Monday Afternoon Update: November 20, 2023
The storm we have been talking about for a week is now taking form in the central US. The impact for you really depends on its timing.
It will affect travel for a large area, but mostly in the form of rain. There will be the first taste of winter for some areas in a quick hit.
In this report, I want to focus on the larger storm for the Eastern US. My home base is in the Mid-Atlantic, but there will be travelers in all directions. Below, I have a more local approach to the key time frames and rain totals.
Thanksgiving Thursday looks dry and cool but a bit less chilly than first thought. Then, we can look ahead for a glimpse at another storm at the end of the weekend.
Monday Afternoon Set Up
The storm is located north of Dallas, TX. Rain does reach from the Gulf Coast to the Canadian border as the Low Pressure is still developing.
Severe weather with possible wind, hail, and even tornadoes will affect the Lower Mississippi River Valley.
Locally, clouds are on the increase today, helping to keep the chilly feel in the air.
Storm Simulation: Tuesday Morning to Thursday Morning
As this Low Pressure develops, moderate to heavy rain will fall across the Great Lakes, Mid-Atlantic, and Southeast into Thanksgiving morning.
Snow and ice might briefly fall in the high mountains of western MD and PA, but any stickage on the roads would be more likely from the Poconos to Central New York and New England. Also, across the Canadian Border, just to be respectful to our neighbors.
Key Time Frames
1 PM Tuesday
Low Pressure will pass EAST of Chicago and have brief snow on the back end. Icy spots will be limited above 2,000 Ft in Maryland and central Pennsylvania.
Steady rain will be spreading across Baltimore and along I-95.
7 PM Tuesday
The heaviest rain will reach The Appalachians and Mid-Atlantic.
Snow and ice could accumulate from the PA Pocono Mountains to central New York.
7 AM Wednesday
Rain will be ending across central and eastern Maryland/Delaware. It will last longer across the Carolinas to Florida.
Snow and ice may be accumulating in northern New England.
7 PM Wednesday
Lingering rain will come to an end overnight across the Carolinas and eastern New England.
10 AM Tuesday
Rain is expected to begin for metro Baltimore and Washington. Steady rain to the west will mix with some sleet for locations above 2,000 Ft in western Maryland.
This does not support icing, but a few pockets across the highest mountain passes could hold some on the roads.
1 PM Tuesday
Steady rain should be spreading across central Maryland and Virginia. At this point, I-95 travel will be wet and last through the night. It will include Philadelphia and New York during the afternoon.
Pockets of sleet and snow still in far western Maryland and across central PA from State College to Williamsport, but little impact on most roads.
10 PM Tuesday
The heaviest rainfall is expected to last overnight. Snow could be an issue across the Poconos, Catskills of New York, and into northern New England.
7 AM Wednesday
Rain should be ending in central Maryland but could linger on Delmarva and up I-95 to New York and New England.
We are still looking at a widespread of OVER 1 inch of rain. Heavier amounts are expected from central Maryland to central Virginia. This is GREAT NEWS for the recent fires burning across Shenandoah.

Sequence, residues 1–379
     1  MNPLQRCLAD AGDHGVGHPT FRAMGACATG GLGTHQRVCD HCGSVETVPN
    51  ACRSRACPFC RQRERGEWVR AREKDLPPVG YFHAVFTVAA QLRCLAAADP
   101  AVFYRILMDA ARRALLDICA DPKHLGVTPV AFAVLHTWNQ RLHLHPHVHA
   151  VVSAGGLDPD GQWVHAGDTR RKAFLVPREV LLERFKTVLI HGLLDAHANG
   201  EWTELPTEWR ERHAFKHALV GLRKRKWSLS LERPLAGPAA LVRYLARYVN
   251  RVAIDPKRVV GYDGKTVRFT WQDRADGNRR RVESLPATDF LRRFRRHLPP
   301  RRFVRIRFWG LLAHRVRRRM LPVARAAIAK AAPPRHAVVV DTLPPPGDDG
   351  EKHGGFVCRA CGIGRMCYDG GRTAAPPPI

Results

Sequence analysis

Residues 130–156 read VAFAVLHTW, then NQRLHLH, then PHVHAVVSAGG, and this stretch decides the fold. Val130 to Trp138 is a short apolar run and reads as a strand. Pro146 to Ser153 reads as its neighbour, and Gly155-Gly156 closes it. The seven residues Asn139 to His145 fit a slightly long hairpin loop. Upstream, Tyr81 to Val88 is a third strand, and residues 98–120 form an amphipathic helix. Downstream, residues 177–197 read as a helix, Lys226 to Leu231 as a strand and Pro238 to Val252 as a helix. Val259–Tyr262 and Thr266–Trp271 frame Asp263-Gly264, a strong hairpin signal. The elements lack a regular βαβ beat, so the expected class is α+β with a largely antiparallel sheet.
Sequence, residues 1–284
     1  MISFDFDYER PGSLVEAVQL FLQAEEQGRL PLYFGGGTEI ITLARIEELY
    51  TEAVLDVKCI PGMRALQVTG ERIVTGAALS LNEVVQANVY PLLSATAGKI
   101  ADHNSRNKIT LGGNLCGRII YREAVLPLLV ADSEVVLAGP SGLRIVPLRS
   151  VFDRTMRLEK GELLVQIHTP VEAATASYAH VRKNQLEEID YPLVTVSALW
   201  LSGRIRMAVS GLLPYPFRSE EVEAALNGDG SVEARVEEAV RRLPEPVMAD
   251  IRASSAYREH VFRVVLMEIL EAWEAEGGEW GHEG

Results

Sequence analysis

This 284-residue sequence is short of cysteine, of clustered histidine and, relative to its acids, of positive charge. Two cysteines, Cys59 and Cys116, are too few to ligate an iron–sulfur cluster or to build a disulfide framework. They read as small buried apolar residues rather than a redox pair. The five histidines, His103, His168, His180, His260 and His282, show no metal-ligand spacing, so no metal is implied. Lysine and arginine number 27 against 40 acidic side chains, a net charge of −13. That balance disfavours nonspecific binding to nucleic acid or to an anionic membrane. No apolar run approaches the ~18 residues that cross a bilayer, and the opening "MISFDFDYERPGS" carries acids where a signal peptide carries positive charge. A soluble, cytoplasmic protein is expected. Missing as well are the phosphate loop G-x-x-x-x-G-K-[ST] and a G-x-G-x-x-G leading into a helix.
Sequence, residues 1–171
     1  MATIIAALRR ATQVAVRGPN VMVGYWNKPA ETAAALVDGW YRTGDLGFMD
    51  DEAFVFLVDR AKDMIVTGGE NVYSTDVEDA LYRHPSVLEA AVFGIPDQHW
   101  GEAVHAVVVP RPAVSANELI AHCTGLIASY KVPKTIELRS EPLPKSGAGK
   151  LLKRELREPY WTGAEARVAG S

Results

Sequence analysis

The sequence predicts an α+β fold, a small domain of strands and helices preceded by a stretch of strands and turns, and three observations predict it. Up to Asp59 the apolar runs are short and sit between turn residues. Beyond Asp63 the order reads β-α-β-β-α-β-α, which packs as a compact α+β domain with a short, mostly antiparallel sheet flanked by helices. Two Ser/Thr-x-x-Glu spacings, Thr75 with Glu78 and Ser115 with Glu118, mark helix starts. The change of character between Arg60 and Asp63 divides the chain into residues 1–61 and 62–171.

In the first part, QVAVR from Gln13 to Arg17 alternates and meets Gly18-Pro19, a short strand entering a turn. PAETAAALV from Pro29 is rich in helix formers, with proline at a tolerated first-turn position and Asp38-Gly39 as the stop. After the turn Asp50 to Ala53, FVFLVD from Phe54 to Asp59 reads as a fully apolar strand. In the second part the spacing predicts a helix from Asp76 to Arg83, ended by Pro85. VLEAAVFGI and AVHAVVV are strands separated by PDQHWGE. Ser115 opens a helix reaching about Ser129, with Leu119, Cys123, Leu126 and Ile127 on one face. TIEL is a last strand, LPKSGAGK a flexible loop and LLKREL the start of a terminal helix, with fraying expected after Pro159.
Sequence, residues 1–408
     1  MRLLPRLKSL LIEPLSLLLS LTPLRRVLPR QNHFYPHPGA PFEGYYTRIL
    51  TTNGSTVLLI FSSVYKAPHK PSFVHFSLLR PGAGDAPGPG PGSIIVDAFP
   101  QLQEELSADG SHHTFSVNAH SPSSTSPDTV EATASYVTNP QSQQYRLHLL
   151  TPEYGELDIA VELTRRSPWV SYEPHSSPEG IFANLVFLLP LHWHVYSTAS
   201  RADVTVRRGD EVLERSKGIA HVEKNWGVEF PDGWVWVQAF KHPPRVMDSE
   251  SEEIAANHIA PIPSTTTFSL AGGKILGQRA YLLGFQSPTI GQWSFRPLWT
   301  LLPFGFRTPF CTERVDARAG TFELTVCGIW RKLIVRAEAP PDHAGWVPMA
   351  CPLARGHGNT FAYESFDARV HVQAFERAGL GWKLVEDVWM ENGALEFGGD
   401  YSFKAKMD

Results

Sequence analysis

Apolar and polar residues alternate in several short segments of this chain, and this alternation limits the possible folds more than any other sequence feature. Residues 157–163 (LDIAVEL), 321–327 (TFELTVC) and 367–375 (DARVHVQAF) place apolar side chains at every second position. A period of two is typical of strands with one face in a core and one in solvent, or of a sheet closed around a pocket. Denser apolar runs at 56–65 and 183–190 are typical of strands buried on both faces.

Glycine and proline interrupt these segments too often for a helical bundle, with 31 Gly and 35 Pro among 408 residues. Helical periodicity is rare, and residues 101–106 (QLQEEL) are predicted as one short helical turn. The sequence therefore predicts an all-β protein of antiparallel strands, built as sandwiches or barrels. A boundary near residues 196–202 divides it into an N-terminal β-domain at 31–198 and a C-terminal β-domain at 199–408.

Click the map to see the breakdown per state.
We will be dry and cool, but not as cold as first thought.
Tolerable for the area Turkey Trots.
This may turn out to be a seasonal day.
Thanksgiving Weekend Storm
This second surge will develop Saturday in the Southern US and then enhance as it passes north to New England.
I DO NOT TRUST long-range modeling, so I am keeping this vague for now. Just keep later Saturday and Sunday in mind for end-of-holiday travel, especially for New England and a second hit of snow inland.
In Case You Missed It:
OTHER Winter Outlook Reports:
El Niño Winter Updates
The latest NOAA report is confident in a Very Strong event. Possibly HISTORIC! This refers to the temperatures in the Pacific, with impacts on the US Winter Storm Track.
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RESTATING MY MESSAGE ABOUT DYSLEXIA
I am aware there are some spelling and grammar typos and occasional other glitches. I take responsibility for my mistakes and even the computer glitches I may miss. I have made a few public statements over the years, but if you are new here, you may have missed it: I have dyslexia and found out during my second year at Cornell University. It didn’t stop me from getting my meteorology degree and being the first to get the AMS CBM in the Baltimore/Washington region. One of my professors told me that I had made it that far without knowing and to not let it be a crutch going forward. That was Mark Wysocki, and he was absolutely correct! I do miss my mistakes in my own proofreading. The autocorrect spell check on my computer sometimes does an injustice to make it worse. I also can make mistakes in forecasting. No one is perfect at predicting the future. All of the maps and information are accurate. The ‘wordy’ stuff can get sticky. There has been no editor who can check my work when I need it and have it ready to send out in a newsworthy timeline. Barbara Werner is a member of the web team that helps me maintain this site. She has taken it upon herself to edit typos when she is available. That could be AFTER you read this. I accept this and perhaps proves what you read is really from me… It’s part of my charm.